According to industry advocates, most of the contracts between Massachusetts cannabis businesses and the cities and towns that host them, called Host Community Agreements, are illegal according to the letter of the law — and if the state wants cannabis businesses to succeed, that needs to change as soon as possible.
According to a report by the Boston Globe, the Massachusetts Grower Advisory Council and MassCann/NORML, the state’s affiliate NORML chapter, petitioned the Massachusetts Cannabis Control Commission on Tuesday, asking the commission to regulate the Host Community Agreements (HCAs) they believe violate on-the-book rules about how much a municipal government can demand from a cannabis business.
How HCAs Work… Against Cannabis
HCAs are required for marijuana businesses to open up shop in Massachusetts, and state law caps the community impact fees that are included in most of the HCAs at 3 percent — though communities are not specifically prohibited from adding other financial stipulations. Advocates say, however, that analysis of the 77 HCAs issued since November reveals 79 percent of them have a value exceeding the 3 percent cap.
A perfect example of this municipal rule-bending came this week, as one of the largest cities in the state continued to expand its cannabis footprint.
The city council of Lynn, the ninth largest city in the Commonwealth at just over 90,000 residents, approved a plan Tuesday that would effectively double the 3 percent cap in their forthcoming HCA negotiation with newly approved cannabis company Natural Selections. The dispensary will be located in the heart of a downtown revival project, and the company plans to put $1 million worth of renovations into a building that’s been vacant 15 years to house the shop. The Daily Item of Lynn reported that as part of negotiations, Natural Selections plans to offer an additional “$100,000 to the city in advance upon opening as part of its host agreement.”
Advocates Chime In for Small Business
While cities say it’s their right to exceed the legal HCA cap on behalf of the public good, industry advocates say it’s created a system in which small businesses are unable to flourish, and that the people who hit the hardest by these fee hikes are the ones already been hit the hardest by the War on Drugs.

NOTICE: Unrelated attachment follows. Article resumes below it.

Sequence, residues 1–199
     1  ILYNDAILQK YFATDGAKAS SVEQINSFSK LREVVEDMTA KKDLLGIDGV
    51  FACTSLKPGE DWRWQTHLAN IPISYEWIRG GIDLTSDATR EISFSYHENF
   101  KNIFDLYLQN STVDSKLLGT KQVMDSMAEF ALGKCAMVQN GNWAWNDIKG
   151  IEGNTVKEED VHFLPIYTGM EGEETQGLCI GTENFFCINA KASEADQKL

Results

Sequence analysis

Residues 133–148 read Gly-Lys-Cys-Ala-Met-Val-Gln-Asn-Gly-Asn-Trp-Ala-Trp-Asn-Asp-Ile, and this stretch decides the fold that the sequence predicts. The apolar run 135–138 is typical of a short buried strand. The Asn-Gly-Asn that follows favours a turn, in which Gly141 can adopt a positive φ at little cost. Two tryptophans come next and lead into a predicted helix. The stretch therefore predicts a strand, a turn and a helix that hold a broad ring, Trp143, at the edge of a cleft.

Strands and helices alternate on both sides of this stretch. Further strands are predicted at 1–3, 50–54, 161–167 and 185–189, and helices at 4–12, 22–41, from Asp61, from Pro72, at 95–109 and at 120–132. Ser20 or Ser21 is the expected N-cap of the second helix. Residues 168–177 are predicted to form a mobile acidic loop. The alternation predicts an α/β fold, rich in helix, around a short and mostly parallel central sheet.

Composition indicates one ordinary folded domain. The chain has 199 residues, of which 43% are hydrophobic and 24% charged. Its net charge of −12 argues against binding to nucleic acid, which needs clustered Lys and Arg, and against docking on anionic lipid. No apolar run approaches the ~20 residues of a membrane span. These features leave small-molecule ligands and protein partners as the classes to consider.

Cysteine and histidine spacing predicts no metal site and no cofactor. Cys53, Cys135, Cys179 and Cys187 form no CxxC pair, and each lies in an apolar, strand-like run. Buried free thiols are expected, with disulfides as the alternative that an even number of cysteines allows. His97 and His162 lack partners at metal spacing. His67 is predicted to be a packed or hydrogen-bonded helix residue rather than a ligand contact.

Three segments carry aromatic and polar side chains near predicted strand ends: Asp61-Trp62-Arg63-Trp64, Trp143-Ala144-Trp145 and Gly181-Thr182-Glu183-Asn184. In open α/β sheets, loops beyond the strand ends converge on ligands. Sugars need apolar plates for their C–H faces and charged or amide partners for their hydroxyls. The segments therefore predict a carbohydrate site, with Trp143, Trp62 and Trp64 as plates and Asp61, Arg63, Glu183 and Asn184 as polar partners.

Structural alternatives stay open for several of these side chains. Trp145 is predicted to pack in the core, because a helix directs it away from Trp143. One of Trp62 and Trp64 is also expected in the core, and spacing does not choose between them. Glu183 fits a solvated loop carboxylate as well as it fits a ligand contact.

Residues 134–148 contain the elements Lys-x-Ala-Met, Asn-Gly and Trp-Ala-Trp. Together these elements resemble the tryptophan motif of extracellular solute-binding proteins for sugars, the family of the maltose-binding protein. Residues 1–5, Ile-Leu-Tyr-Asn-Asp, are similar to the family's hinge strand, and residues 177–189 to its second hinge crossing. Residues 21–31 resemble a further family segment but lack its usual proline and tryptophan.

Per a report by the Boston Business Journal, the CCC has declined to enforce HCA regulations for fear of potential lawsuits; the commission could face legal action after interfering, due to its lack of express authority and the law’s vague wording, which doesn’t explicitly ban additional payments or donations from cannabis companies to local host governments. The CCC has since asked the state legislature to give them the power to explicitly regulate HCAs.
Advocates have petitioned the CCC for a final response in 30 days. After that, they’re willing to head to court, where a judge could empower the commission if he feels the law already has.
“It’s a big problem for smaller or medium-sized businesses because it turns into a barrier to entry,” Peter Bernard, president of the Massachusetts Grower Advisory Council, told the Boston Globe. “It’s a pay-to-play situation… It’s really a matter of extortion and bribery in plain sight.”
The National Cannabis Industry Association echoed the concerns of local advocates about what these HCAs mean for smaller businesses.
“These attempts to extort cannabis businesses beyond the taxation allowed in the law are only going to hurt small businesses and make the localities miss out on the benefits of having a vibrant and competitive cannabis market,” NCIA Media Relations Director Morgan Fox told Cannabis Now.
“It is short-sighted and discriminatory,” he continued. “Municipal governments should be trying to attract cannabis businesses, not shut them out or only allow the ones with lots of capital at their disposal.”
TELL US, do you think host communities should be allowed more or less control over how they tax cannabis businesses?